Good morning. I’m Paul Thornton, and it is Saturday, Oct. 13, 2018. Let’s take a look back at the week in Opinion.
Rarely does a ballot initiative emerge showing everything that’s wrong with direct democracy in California as Proposition 6. The initiative, which goes before voters on Nov. 6, would repeal the 12-cent tax increase on gas and other fee bumps for motorists that were passed as part of Senate Bill 1 by the state Legislature in 2017.
Naturally, people don’t like to pay higher taxes — and in California, people especially don’t like to pay higher taxes on driving, even if the revenue pays to fix the road wear caused by motorists and other badly needed transportation upgrades. This is where the initiative process, and unfortunate timing in the form of a looming gubernatorial election, come in to thwart the unpopular but responsible decisions legislators must make. Hence, Proposition 6.
But if a 12-cent tax increase is enough to excite voters into another ballot rebellion, they should look much harder at exactly what the rest of their gas money covers. UC Berkeley energy economist Severin Borenstein finds that a larger amount than 12 cents per gallon is a surcharge by oil companies that they cannot explain:
So far this year, California’s gas price has been about 80 cents a gallon above the average of all other states. Higher state gas taxes account for about 23 cents of the difference. An additional 3 cents on average is due to local sales taxes, which vary by county.
Then there are the fees to address environmental impacts, mostly climate change. The state’s cap-and-trade program on greenhouse gases has added 12 cents a gallon in 2018, and our “low carbon fuel standard” has pushed the cost up by about 8 cents. Finally, we pay 2 cents to clean up old gas station sites where fuel leaked into the soil.
Add that up and Californians are paying about 48 cents a gallon more to state and local authorities than the average American. That’s real money considering that we use about 1 gallon of gasoline per person per day.
At least that 48 cents buys us some real benefits: It goes to repairing roads and bridges, building needed new infrastructure for our rapidly expanding economy, and helping low-income California families afford energy. A bit of it, it’s true, goes to more controversial projects such as high-speed rail (about 3 cents), but the majority pays for bread-and-butter public services that we use every day.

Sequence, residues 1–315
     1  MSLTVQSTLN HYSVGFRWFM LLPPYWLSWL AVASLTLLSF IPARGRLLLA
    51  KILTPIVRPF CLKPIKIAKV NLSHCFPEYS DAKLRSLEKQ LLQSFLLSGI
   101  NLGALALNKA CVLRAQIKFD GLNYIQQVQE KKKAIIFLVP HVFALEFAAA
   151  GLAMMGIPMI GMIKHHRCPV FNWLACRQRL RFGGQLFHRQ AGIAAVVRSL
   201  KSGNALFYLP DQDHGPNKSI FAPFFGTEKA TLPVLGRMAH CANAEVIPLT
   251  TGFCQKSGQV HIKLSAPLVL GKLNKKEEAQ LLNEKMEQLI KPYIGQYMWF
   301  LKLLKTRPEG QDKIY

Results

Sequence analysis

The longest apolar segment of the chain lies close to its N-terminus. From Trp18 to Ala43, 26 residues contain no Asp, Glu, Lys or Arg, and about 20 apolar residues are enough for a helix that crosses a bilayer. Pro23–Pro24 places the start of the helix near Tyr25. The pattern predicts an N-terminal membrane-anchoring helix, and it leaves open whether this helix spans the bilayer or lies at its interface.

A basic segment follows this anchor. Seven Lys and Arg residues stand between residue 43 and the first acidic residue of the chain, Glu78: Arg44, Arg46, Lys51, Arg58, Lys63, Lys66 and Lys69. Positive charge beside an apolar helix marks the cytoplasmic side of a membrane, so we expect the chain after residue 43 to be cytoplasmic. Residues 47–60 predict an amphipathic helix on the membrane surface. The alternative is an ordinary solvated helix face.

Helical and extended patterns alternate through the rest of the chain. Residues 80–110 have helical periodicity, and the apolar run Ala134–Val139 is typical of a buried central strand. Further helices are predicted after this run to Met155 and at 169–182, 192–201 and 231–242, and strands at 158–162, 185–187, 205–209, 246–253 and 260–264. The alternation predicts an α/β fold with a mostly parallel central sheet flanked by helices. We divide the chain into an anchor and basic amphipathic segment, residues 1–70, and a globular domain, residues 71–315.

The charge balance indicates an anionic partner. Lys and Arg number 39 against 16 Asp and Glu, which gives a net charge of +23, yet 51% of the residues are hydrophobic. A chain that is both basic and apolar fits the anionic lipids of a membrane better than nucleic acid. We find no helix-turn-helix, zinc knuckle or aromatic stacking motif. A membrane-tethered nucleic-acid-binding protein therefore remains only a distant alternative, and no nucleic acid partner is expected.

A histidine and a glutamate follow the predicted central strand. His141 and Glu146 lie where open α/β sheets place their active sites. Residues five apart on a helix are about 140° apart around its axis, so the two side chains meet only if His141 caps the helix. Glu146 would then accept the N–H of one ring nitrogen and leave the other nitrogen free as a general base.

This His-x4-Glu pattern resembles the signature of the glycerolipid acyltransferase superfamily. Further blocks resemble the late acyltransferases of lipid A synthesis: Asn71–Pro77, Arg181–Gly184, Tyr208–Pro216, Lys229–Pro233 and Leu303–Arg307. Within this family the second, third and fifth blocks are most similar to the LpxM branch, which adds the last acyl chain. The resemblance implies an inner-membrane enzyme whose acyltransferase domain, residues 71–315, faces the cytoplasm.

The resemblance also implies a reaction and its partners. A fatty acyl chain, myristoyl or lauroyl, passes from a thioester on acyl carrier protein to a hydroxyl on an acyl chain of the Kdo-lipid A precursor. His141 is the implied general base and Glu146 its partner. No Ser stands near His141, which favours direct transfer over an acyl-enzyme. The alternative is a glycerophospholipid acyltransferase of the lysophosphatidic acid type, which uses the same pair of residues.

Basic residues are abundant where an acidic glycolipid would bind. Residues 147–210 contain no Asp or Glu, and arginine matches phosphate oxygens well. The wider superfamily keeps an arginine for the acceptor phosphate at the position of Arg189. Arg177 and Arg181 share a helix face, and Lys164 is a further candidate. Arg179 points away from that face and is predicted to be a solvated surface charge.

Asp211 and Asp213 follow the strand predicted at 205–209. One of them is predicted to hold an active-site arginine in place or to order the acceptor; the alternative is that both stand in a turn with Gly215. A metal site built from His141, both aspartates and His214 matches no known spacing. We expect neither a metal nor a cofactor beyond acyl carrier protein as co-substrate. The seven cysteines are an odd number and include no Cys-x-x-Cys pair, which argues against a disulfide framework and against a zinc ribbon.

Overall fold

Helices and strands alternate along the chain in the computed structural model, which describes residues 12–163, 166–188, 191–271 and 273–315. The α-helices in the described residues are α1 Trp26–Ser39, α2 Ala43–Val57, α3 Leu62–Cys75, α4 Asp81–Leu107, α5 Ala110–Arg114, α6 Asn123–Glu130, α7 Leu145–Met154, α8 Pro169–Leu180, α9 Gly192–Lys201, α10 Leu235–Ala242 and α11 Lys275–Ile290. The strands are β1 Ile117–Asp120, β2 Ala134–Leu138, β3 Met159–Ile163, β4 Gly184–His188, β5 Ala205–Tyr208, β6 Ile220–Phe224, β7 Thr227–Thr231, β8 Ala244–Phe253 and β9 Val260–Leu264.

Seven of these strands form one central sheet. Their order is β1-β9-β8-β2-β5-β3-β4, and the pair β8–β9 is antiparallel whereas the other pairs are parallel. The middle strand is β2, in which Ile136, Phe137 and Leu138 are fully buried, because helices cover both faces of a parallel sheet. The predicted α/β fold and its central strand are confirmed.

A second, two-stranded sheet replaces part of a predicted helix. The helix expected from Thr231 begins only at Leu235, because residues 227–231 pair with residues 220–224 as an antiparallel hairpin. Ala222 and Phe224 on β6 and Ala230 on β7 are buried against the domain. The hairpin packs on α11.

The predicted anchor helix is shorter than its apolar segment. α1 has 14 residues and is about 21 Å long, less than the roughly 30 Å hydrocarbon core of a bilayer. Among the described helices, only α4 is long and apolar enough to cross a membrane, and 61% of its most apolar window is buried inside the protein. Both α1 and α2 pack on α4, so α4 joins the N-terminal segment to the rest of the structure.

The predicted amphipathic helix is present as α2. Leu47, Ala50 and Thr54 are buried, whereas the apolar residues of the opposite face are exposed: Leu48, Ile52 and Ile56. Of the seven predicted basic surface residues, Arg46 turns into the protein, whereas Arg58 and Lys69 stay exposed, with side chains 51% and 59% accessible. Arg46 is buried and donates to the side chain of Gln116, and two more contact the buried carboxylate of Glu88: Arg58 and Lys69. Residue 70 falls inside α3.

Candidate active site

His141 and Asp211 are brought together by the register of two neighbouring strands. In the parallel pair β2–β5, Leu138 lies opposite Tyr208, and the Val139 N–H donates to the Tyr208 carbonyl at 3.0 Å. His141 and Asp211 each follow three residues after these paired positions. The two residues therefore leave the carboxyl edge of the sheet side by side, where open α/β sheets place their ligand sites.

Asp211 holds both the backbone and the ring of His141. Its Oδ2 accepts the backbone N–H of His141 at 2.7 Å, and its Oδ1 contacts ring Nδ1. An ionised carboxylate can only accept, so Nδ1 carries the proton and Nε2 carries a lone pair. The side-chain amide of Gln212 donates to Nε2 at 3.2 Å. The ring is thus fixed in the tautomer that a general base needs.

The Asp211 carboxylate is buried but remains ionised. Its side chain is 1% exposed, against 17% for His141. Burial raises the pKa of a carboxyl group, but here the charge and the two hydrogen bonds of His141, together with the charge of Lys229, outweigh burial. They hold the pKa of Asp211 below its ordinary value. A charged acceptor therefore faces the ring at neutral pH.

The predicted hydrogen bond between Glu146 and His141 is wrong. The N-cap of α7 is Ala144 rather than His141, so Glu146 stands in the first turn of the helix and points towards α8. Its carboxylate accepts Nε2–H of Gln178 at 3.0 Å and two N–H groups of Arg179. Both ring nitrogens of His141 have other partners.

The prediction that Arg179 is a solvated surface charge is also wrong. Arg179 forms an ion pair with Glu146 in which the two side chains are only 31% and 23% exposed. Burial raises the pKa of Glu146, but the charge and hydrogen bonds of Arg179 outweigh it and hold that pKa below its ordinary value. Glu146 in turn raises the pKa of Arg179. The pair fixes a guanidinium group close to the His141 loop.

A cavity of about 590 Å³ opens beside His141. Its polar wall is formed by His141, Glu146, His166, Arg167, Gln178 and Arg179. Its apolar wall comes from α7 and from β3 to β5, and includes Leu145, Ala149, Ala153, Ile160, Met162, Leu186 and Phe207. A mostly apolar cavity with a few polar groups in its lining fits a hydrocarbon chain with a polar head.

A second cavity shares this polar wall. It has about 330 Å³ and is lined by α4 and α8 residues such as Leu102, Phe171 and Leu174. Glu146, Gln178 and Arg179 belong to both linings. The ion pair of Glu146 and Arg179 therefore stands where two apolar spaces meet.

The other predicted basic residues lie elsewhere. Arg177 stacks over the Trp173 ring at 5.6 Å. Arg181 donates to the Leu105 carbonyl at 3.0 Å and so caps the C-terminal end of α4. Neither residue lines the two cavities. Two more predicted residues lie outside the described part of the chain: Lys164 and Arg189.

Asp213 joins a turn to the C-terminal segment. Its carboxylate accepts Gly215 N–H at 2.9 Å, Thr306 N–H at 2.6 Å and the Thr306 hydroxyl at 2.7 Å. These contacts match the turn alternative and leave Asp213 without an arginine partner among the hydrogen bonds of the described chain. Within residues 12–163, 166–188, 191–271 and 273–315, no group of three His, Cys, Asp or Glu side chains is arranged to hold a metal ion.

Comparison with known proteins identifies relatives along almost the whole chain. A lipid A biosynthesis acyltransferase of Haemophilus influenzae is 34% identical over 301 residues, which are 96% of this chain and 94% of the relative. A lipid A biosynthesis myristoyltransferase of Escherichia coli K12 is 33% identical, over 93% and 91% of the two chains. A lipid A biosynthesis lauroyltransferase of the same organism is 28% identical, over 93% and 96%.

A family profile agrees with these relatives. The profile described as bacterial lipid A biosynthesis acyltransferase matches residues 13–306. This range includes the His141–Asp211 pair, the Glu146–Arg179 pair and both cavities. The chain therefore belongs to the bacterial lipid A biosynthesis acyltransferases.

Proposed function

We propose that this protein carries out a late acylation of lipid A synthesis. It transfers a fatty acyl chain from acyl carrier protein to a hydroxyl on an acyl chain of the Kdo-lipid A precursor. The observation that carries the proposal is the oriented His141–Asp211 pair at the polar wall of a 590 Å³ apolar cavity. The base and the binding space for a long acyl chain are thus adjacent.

But what about the rest of that extra 80 cents a gallon? A slice of the remaining difference pays to refine oil so that it meets California’s cleaner-burning gasoline formula, adopted in 1996. Most analysts think that the cleaner formulation adds no more than 10 cents to what we pay at the pump.
That leaves the mystery surcharge, which is 22 cents a gallon this year. I’ve broken down the cost of gas annually for more than a decade: The surcharge averaged 2 cents from 2000 to 2014 and was never more than 12 cents in any of those years. But everything changed in 2015.
As chair of the Petroleum Market Advisory Committee to the California Energy Commission, I watched gas prices skyrocket after a refinery explosion in Torrance in February 2015. The committee expected tighter supply to drive up prices, as it had done after previous refinery accidents. But we also expected prices to return to normal levels after the refinery resumed production. They didn’t. For the rest of the year, the mystery surcharge was about 48 cents a gallon.
What was more disturbing was that it continued at unprecedented levels in 2016 (29 cents) and 2017 (27 cents), long after the Torrance refinery was back at full production.
For the record, The Times Editorial Board opposes Proposition 6 — as in, really, really opposes it: “Infrastructure isn’t cheap, and Californians will pay the price no matter what. Delaying maintenance only makes the work more expensive later on and the system more dangerous. Or we can pay a little more at the gas pump now for a smoother, safer and more efficient transportation system. Take the responsible road and vote no on Proposition 6.” L.A. Times
This almost makes me want to vote for Proposition 6 (I would never, but still): An op-ed article in the New York Times — written by a graduate student in California, so I’ll give it that — lectures us in all the ways we’ve heard before why Proposition 6 is such a bad idea: It deprives public transportation of robust funding, our roads will continue to crumble, and carbon emissions from cars will continue to increase. New York Times
“That Supreme Court confirmation went smoothly,” said absolutely no one talking about Justice Brett Kavanaugh. Columnist
Pay less attention to the U.S. Dietary Guidelines, because once again the science on which they are based is under question. Science journalist Nina Teicholz focuses on Brian Wansink, the former head of
Vote-by-mail ballots are already being sent out. Here are The Times Editorial Board endorsements so far for the Nov. 6 election:
U.S. Senator: Dianne Feinstein
Lieutenant governor: Ed Hernandez
Attorney general: Xavier Becerra
Secretary of state: Alex Padilla
Controller: Betty Yee
Treasurer: Fiona Ma
Insurance commissioner: Steve Poizner
Proposition 1 (affordable housing): Yes
Proposition 2 (mentally ill housing): Yes
Proposition 3 (water bond): No
Proposition 4 (children’s hospitals): Yes
Proposition 5 (property taxes): No
Proposition 6 (motorist taxes): No
Proposition 7 (daylight saving time): Yes
Proposition 8 (dialysis centers): No
Proposition 10 (rent control): Yes
Proposition 11 (EMT pay): Yes
Proposition 12 (chicken cages): Yes
California Supreme Court and 2nd District Court of Appeal: Yes to all judges
L.A. County Superior Court: Alfred A. Coletta, Sydne Jane Michel, Holly L. Hancock, Michael Ribons
L.A. Charter Amendment B (public bank): No
L.A. County sheriff: Jim McDonnell
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